Heavy sheep slaughter to see flock numbers at a new low

Heavy sheep slaughter to see flock numbers at a new low


Sheep
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The Stock Take: Mecardo's Angus Brown crunches the numbers on the Australian flock size.

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A higher than expected 2018 sheep flock has taken a cut, with sheep slaughter in the first four months of 2019 25 per cent higher than last year.

While heavy sheep slaughter could be expected to see flock numbers reduced further since the January projections by Meat and Livestock Australia (MLA), things remain relatively steady in the recently updated projections.

In January, MLA estimated that the closing (June 30) 2018 flock was 67.73 million head, but the actual number provided by the Australian Bureau of Statistics (ABS) was 70.61 million head.

MLA is now forecasting a bigger fall in the flock this year, with the June 30 2019 number coming in at a new low of 65.26 million head (Figure 3).

FIGURE 3: Sheep flock and forecasts. The flock is projected to decline 7.6pc from 2018 to 2019. The new forecast for 2019 is 1pc higher than the forecast made in January, compensating for the higher than expected 2018 flock, and high slaughter this year to date.

FIGURE 3: Sheep flock and forecasts. The flock is projected to decline 7.6pc from 2018 to 2019. The new forecast for 2019 is 1pc higher than the forecast made in January, compensating for the higher than expected 2018 flock, and high slaughter this year to date.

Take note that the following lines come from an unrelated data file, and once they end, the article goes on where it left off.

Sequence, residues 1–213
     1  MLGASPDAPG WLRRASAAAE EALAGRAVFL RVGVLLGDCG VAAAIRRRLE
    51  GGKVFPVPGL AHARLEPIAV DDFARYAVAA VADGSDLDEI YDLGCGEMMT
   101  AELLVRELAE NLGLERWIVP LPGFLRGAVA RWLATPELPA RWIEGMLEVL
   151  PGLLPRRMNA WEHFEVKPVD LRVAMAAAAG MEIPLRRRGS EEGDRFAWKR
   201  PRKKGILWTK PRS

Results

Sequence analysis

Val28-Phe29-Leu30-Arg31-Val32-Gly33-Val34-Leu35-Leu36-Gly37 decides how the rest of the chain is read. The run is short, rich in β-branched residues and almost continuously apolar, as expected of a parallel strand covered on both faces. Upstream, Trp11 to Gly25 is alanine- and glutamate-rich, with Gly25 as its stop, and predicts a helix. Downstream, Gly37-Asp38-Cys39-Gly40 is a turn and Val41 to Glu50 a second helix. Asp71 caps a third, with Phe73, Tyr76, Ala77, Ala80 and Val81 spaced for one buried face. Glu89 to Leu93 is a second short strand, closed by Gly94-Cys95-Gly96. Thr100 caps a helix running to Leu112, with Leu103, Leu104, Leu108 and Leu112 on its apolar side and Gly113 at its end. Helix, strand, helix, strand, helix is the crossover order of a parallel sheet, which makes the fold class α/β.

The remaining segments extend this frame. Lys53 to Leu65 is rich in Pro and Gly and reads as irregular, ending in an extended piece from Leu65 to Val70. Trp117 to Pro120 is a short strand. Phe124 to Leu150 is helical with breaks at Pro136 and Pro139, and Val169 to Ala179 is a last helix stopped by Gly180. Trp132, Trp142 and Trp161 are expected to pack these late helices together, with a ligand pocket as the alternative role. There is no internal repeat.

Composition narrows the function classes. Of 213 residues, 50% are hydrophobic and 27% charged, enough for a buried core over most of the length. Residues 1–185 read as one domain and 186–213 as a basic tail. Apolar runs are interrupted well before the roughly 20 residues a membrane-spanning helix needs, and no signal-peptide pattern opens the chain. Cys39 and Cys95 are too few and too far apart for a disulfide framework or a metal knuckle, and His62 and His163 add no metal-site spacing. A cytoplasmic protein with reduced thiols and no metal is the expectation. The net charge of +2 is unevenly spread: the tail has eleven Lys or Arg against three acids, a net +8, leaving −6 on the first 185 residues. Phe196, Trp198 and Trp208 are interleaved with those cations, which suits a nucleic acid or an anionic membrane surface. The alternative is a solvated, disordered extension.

The projections for lamb slaughter for the coming four years are little changed from January.

The 2019 forecast remains the same, while for 2020 and 2021 the forecasts have been cut by 1.5pc.

The biggest revision came in the 2019 sheep slaughter forecast, which was increased 6pc to 8.5 million head. Sheep slaughter forecasts for 2020-2022 have been revised 3-5pc lower, but this may not be enough.

What does this mean?

Even at the supply levels forecast by MLA, sheep and lamb prices are going to remain very strong for the coming two or three years.

Supplies could be even lower than MLA are forecasting, especially if the flock is to grow by 8 million head over the next four years.

There is likely to be a drag on lamb supplies as well, with more females and Merino's likely to be held to join the flock, which will obviously add plenty of support at the saleyard level.

The story Heavy sheep slaughter to see flock numbers at a new low first appeared on Farm Online.

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